A caveat is a document which is lodged against a title to land and is notice by an interested party that no action is to be taken in relation to that title until that party’s interest has been taken into account.
The main purpose of a caveat is to prevent the sale or disposition of the land until the issue of the interest under the caveat has been protected or perfected.
The most common form of caveat is the caveat against dealings with a particular piece of land.
When would you want to lodge a caveat?
Examples of when a person may want to lodge a caveat are as follows :
- When a purchaser enters into an agreement to purchase land from the owner of the land and settlement is delayed or when a substantial deposit has been paid.
- Where a person has lent money to another person and as security for that loan the borrower has signed an agreement to mortgage.
- A tenant under an unregistered lease may wish to lodge a caveat to give notice of its interest in the land. It is important to note that the lease may contain a clause which provides that the tenant will not register a caveat. The sixth edition 2012 (5) of the Auckland District Law Society deed of lease contains such a clause.
- When a person has entered into an agreement to create an easement over another person’s land and the easement has not yet been registered on the title to the land.
The main point is that the interest has to be an interest in the land and not just some right against an owner of land. For example, an unsecured creditor has only personal rights against the debtor and therefore has no automatic right to lodge a caveat against the title to the debtor’s land.
Procedures for removal
A caveat remains in place until withdrawn by the caveator (who is the person who lodged the caveat against the title to the land), or lapsed, or removed by order of the High Court.
- Withdrawn by caveator
- The person who lodged the caveat can register a withdrawal of the caveat and the caveat will then be withdrawn from the title to the land.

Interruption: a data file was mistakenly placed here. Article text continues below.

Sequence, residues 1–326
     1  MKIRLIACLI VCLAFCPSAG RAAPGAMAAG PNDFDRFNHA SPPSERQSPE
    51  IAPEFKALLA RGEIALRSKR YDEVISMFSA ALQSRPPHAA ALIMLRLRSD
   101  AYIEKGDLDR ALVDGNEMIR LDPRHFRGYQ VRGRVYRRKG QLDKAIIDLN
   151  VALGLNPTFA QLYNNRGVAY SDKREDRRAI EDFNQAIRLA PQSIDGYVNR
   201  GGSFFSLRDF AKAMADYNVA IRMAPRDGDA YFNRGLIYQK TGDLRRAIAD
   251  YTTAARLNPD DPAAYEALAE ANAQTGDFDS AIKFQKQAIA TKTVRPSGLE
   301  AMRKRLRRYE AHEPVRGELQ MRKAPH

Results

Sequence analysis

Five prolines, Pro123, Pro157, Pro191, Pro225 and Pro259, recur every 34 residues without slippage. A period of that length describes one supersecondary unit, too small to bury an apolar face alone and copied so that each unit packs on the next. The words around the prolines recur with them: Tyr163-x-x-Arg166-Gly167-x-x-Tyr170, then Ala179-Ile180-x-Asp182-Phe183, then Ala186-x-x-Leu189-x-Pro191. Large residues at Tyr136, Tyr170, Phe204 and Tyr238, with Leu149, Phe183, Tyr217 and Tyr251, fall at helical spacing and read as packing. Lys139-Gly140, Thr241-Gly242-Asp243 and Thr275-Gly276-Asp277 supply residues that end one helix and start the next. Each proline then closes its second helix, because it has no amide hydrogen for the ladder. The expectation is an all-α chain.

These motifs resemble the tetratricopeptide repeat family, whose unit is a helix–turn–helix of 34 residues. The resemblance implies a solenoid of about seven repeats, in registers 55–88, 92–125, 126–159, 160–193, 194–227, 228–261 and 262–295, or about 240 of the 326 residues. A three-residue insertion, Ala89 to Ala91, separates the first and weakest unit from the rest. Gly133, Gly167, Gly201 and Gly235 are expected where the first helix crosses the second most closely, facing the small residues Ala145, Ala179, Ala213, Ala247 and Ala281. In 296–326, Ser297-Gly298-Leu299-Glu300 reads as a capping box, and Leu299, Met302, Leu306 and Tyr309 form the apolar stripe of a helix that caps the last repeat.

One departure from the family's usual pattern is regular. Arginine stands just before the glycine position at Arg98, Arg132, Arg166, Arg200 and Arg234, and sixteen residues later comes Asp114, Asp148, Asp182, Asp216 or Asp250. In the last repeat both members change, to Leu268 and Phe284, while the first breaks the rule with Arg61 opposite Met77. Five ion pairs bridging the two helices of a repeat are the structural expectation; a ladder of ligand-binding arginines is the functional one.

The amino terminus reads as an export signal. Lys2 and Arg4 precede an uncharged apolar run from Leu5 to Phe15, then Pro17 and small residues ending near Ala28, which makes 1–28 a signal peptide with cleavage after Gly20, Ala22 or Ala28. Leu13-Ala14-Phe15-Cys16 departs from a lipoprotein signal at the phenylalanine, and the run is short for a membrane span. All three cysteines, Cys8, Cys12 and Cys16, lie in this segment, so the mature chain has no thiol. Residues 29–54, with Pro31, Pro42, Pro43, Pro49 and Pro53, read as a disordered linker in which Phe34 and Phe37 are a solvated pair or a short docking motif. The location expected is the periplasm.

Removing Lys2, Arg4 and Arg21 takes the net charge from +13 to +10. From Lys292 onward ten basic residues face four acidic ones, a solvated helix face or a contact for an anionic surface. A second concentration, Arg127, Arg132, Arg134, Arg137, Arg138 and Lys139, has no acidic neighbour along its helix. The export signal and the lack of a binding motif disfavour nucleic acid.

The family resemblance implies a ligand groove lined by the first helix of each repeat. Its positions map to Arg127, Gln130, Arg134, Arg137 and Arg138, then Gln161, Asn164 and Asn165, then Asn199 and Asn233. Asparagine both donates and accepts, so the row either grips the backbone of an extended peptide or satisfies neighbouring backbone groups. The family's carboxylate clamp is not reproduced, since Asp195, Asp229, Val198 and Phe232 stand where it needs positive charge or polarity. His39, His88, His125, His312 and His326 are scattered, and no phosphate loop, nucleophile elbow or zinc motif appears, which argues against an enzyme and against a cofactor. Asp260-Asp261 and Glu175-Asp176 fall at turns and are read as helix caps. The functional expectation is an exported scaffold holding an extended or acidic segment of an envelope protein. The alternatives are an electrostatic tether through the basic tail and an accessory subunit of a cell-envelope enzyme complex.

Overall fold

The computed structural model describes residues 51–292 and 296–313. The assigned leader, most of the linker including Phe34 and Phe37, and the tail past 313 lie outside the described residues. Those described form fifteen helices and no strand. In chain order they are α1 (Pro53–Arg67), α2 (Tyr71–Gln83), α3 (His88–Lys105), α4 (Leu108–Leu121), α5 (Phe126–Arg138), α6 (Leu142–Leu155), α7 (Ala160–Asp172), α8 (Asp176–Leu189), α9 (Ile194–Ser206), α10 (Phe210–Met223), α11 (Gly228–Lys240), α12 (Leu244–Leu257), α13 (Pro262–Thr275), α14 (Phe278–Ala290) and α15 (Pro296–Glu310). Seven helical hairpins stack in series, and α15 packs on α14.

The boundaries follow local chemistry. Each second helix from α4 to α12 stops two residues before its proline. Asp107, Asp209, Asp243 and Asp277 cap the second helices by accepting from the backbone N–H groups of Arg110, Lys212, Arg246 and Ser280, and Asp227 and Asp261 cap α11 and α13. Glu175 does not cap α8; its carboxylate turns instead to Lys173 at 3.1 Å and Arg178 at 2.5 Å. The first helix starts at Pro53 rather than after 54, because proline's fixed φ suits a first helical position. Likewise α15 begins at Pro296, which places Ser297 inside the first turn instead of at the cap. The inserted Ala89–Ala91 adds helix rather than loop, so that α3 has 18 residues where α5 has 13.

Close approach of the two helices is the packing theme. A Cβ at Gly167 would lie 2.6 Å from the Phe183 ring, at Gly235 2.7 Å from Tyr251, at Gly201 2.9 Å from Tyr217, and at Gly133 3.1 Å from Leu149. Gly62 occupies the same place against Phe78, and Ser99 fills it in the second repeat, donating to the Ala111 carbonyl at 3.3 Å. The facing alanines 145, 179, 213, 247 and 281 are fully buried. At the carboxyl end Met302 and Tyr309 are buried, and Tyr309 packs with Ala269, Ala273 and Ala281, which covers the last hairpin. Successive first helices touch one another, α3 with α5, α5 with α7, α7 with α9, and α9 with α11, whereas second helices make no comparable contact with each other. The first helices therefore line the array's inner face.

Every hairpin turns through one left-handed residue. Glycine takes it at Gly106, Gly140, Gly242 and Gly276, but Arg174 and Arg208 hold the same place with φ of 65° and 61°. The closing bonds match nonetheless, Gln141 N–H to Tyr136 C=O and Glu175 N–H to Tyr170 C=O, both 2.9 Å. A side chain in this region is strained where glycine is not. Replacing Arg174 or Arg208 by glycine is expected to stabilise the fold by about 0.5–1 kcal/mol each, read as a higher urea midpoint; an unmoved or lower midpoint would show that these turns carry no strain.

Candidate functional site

- The owner of the land or a person having an interest in the land can apply to the Registrar-General of Land (“RGL”) for the caveat to lapse.
- The RGL will then give the caveator notice of the application to lapse the caveat. Once the caveator receives notice that an application has been made to the RGL, then the caveator has 14 days to notify the RGL that an application has been made to the High Court to sustain the caveat.
- If the caveator does not notify the RGL that an application has been made to the High Court to sustain the caveat, then the caveat will lapse.
- Removal by High Court
- The High Court may make an order that a caveat be removed if it is clear that there was no valid ground for lodging a caveat, or that the interest which in the first place justified the lodging of the caveat no longer exists.
- The onus is on the caveator to show that there is a reasonably arguable case for the interest to continue to be protected by the caveat remaining.
This article is current as at the date of publication and is only intended to provide general comments about the law. Harkness Henry accepts no responsibility for reliance by any person or organisation on the content of the article. Please contact the author of the article if you require specific advice about how the law applies to you.